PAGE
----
Following a Golden Globes award for comedy series Transparent, Amazon is betting big on the film industry and a new model for bringing films from cinema straight to its streaming service, cutting out the DVD sales.
The e-commerce giant has confirmed it will work on 12 original films every year from 2015. Indie filmmaker Ted Hope will work on the 12 films, previous directing "American Splendor", "The Ice Storm" and "The Savages".
Speaking on the old model for films, Hope said “Whereas it typically takes 39 to 52 weeks for theatrical movies to premiere on subscription video services, Amazon Original Movies will premiere on Prime Instant Video in the U.S. just 4 to 8 weeks after their theatrical debut."
This big cut in the time between cinema and streaming service might perk more users to subscribe to Amazon Instant Video, especially if Amazon can crack more early-film deals with third-party studios.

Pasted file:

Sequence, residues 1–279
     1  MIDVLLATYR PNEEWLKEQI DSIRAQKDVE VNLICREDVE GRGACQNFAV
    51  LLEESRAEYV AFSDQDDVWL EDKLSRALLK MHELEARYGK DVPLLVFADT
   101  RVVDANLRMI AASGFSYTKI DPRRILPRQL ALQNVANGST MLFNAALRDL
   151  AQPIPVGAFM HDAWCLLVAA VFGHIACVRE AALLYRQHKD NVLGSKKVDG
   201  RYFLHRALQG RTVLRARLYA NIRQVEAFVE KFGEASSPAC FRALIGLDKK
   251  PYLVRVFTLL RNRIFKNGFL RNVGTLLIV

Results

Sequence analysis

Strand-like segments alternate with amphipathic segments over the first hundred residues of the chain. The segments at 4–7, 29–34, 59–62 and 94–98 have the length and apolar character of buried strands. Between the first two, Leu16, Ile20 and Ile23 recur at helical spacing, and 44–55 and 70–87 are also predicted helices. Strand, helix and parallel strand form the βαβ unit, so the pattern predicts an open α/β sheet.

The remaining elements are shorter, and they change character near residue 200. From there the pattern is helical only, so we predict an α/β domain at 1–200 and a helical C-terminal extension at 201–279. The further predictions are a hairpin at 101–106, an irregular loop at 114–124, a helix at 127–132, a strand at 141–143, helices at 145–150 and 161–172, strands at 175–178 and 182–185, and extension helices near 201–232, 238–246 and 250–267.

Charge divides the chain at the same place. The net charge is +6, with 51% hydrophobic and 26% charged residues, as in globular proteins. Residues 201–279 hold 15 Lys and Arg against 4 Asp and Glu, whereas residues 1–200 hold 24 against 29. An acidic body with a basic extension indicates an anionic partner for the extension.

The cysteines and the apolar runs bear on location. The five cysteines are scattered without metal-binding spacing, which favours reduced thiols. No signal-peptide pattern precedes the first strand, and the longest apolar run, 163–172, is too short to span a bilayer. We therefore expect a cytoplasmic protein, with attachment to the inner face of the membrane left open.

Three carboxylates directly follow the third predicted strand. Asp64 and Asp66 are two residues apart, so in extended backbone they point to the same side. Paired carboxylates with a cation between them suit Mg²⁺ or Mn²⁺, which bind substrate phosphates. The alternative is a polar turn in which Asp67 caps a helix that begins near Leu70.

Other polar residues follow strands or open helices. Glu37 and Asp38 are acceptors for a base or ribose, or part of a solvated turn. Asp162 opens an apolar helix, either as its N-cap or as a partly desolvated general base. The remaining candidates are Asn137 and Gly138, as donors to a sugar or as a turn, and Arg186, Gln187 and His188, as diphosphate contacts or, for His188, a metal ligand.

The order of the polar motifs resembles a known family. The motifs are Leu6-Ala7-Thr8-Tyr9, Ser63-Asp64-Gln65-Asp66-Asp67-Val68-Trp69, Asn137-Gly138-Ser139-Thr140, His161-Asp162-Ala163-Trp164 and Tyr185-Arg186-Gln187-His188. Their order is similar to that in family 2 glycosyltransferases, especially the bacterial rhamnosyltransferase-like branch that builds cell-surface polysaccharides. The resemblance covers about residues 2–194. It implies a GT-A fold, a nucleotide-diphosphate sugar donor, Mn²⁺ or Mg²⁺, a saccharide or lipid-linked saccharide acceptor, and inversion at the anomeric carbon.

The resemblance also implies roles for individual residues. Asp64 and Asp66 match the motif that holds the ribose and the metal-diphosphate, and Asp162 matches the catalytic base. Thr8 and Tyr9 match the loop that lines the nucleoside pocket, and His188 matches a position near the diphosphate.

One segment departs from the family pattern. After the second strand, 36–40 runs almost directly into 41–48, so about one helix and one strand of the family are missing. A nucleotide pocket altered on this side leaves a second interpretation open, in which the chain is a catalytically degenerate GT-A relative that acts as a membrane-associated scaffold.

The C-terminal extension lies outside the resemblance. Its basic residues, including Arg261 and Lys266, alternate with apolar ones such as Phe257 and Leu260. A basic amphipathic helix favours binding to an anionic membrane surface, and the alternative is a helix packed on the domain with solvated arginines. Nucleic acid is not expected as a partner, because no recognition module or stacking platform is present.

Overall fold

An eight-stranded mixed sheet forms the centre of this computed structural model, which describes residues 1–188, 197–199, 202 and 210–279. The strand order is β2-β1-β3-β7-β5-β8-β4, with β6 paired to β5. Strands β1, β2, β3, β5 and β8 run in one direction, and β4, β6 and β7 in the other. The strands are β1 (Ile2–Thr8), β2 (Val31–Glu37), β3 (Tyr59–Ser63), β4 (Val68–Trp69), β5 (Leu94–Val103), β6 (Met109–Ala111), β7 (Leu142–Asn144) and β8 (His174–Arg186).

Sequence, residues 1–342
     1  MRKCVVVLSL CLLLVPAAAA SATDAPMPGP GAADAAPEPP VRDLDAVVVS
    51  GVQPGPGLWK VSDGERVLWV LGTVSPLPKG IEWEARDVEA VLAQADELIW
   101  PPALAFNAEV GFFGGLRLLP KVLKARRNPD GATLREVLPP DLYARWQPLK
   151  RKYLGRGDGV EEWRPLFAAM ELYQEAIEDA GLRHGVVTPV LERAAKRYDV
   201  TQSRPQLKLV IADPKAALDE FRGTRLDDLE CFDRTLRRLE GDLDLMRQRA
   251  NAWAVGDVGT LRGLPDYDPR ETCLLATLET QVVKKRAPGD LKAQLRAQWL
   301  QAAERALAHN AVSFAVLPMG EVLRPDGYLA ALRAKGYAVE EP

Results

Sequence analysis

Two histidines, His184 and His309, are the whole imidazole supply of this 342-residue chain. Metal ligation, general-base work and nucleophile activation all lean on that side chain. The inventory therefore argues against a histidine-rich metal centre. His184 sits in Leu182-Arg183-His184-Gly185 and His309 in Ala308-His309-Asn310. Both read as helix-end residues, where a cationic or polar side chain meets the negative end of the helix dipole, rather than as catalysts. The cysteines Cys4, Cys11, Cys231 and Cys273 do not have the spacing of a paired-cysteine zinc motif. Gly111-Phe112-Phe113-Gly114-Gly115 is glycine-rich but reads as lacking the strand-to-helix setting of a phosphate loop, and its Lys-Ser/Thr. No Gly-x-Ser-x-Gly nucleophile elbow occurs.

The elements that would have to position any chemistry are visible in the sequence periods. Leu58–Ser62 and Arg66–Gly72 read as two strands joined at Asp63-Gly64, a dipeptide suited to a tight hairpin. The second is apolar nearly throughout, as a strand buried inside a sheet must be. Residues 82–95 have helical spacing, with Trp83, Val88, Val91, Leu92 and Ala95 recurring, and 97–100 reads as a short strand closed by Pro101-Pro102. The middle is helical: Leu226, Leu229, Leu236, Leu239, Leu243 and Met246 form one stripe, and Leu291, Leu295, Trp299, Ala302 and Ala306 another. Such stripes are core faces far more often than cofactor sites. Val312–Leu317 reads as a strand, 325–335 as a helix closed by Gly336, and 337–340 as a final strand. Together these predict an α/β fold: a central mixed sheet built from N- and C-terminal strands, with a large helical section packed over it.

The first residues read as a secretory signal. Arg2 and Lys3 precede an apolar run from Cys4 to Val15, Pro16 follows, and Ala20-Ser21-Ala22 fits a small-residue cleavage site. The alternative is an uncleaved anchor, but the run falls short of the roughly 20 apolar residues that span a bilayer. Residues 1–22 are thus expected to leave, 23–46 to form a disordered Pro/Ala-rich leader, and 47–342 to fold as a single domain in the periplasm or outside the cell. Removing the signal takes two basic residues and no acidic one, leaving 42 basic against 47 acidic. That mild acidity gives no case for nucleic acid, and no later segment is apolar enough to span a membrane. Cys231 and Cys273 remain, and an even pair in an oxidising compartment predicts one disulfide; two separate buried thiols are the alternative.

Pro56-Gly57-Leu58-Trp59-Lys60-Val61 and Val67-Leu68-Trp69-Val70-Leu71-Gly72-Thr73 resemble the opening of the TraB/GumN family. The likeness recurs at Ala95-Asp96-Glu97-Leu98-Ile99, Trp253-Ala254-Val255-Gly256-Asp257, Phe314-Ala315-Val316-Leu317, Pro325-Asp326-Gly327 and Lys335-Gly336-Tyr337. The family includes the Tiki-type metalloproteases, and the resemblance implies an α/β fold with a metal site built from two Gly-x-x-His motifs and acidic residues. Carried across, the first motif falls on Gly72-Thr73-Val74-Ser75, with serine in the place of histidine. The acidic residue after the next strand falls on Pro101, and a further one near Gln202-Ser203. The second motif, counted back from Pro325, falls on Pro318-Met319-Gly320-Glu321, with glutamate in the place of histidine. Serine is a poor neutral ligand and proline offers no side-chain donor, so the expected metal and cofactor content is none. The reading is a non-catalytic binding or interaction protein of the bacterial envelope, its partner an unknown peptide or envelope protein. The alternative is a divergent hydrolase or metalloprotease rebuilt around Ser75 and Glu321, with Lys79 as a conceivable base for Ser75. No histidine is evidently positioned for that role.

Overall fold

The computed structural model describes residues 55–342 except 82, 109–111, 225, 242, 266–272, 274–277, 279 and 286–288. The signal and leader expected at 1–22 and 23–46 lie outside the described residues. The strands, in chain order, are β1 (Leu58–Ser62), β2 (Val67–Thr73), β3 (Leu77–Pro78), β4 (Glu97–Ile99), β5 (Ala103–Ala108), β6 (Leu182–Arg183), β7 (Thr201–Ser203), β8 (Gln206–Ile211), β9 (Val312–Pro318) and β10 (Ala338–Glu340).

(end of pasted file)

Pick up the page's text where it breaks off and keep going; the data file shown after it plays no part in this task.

Amazon is still releasing films in cinema due to the reported $30 million (£19 million) in losses Sony Pictures took for the digital-only release of "The Interview", even though it is Sony's biggest digital movie release in history.
It will also give Amazon a face for the film industry, showing up at the start of the screening alongside all of the other credited studios. Amazon is spending hundreds of millions on films and TV shows, to compete with original TV and Netflix.
Netflix is not being as adventurous as Amazon when it comes to film, but it acquire the rights of Marco Polo for $90 million (£59 million) in 2012, and has since spent millions on the production of the serial drama. Early reviews of Marco Polo were lukewarm, but fans have enjoyed the 10 episode drama.
Netflix managed to take home best actor at the Golden Globes for Kevin Spacey's role as Frank Underwood, in Netflix's original series House of Cards. The third season will launch on February 27th.